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Brain interactions of language and attention: MEG, EEG, fMRI and neurocomputational studies
SHTYROV, Y., GARAGNANI, M., Kujala, T., Wennekers, T. & PULVERMULLER, F.
37th annual meeting of the Society for Neuroscience, 864.4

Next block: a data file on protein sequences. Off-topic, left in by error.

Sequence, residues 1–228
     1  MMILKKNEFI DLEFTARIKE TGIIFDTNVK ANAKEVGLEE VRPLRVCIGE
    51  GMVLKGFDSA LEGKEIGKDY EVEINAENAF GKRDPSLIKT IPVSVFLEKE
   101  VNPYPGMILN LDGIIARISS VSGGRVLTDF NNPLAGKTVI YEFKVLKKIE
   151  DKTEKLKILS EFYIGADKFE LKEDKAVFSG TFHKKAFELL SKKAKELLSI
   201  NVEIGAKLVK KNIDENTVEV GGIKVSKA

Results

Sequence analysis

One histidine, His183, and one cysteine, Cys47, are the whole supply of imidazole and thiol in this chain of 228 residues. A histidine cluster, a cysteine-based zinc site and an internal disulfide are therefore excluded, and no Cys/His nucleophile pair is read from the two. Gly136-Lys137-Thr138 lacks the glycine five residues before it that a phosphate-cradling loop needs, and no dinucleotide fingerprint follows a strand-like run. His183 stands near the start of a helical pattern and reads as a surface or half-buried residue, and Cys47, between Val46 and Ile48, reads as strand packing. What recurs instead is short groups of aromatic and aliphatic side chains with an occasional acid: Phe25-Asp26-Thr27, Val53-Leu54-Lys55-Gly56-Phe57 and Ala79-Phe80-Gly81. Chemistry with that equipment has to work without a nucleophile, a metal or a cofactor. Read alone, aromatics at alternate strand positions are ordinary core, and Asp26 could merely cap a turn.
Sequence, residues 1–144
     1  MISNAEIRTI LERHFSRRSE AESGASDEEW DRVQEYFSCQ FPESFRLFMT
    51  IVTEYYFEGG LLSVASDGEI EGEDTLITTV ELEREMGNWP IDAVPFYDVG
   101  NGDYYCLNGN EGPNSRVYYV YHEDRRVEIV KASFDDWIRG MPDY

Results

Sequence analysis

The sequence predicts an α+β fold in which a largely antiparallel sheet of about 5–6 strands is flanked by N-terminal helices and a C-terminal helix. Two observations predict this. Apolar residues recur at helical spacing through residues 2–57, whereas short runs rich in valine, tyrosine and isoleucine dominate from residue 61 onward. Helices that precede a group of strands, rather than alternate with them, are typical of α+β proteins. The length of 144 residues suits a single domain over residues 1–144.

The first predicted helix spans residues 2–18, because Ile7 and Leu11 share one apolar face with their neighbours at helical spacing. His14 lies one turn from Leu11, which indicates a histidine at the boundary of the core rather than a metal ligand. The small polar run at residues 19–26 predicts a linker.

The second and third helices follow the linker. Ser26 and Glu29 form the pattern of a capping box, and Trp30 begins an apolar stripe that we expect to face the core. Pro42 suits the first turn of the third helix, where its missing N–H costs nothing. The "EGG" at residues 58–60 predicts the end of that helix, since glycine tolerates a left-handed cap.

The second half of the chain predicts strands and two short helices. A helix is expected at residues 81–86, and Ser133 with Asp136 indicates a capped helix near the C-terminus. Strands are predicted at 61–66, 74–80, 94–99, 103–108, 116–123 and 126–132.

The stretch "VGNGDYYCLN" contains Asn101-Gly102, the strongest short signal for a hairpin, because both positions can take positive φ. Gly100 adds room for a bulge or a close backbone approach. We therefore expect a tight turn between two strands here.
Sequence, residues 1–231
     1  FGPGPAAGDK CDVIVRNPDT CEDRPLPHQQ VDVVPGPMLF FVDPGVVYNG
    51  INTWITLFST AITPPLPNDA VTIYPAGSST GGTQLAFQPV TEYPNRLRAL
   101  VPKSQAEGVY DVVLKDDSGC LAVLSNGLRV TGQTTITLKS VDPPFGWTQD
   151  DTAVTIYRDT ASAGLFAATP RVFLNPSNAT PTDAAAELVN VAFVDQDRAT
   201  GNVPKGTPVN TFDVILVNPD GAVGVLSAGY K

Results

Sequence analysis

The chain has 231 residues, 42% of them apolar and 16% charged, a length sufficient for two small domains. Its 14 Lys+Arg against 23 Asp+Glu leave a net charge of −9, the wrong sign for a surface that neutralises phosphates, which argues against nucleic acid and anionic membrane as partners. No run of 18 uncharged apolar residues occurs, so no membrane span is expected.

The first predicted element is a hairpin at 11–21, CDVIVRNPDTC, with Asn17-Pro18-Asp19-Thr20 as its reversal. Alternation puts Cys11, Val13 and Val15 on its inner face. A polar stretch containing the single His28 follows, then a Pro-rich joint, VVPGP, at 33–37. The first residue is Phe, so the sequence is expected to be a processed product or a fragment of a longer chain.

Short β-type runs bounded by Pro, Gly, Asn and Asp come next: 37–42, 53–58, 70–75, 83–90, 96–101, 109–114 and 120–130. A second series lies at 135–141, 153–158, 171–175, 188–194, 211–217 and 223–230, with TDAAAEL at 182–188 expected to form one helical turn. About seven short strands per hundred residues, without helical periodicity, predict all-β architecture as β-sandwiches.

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When subjects are presented with words and matched meaningless pseudowords while they are distracted in an oddball paradigm, their early mismatch negativity (MMN) brain response is greater for the words. In contrast, greater late N400 brain responses to pseudowords than words emerged in tasks where subjects have to attend to the language stimuli. A series of neurophysiological, neuroimaging and neurocomputational studies investigated this apparent contradiction. Using EEG and MEG and a variety of languages, we found a robust lexical enhancement (words > pseudowords) in passively acquired MMN responses at approximately 150 ms after critical auditory information is available. This is considered as neural signature of automatic lexico-semantic processes (activation of word memory traces) in the brain. MEG results suggested auditory cortex in planum temporale vicinity as a structural seat for this enhancement. More specifically, our fMRI investigation indicated a role of left-hemisphere's superior-temporal gyrus and sulcus, and possibly middle-temporal gyrus, in sustaining such word-specific memory circuits. To assess the differential MMN and N400 pattern, we modelled the neuronal processes involved in word recognition computationally. The results indicated dissociating effects of attention, modelled as non-specific inhibition and feedback control, to auditory input on neural processing. Simulation of passive non-attend conditions led to an early word advantage, whereas simulation of attended-conditions explained relatively enhanced late responses to pseudowords. This explains the divergence between MMN and N400 results on the basis of attention level mechanistically realised as neuronal feedback regulation with different gains. To further substantiate this model of interactions between cerebral processes of attention and lexical access, we recorded neurophysiological brain responses to words when the subjects were asked to attend to the spoken input or to ignore it. The results confirmed further predictions of the model, especially a robust automatic activation of word-specific memory traces which, during approximately the first 140 ms of language processing, was not significantly influenced by attention level. Within the same time window, pseudoword responses were significantly modulated by attention level. The data confirm earlier suggestions that initial stages of lexical processing are not affected by attentional demands and may thus be automatic. Attention effects on lexical processing emerged at latencies >200ms.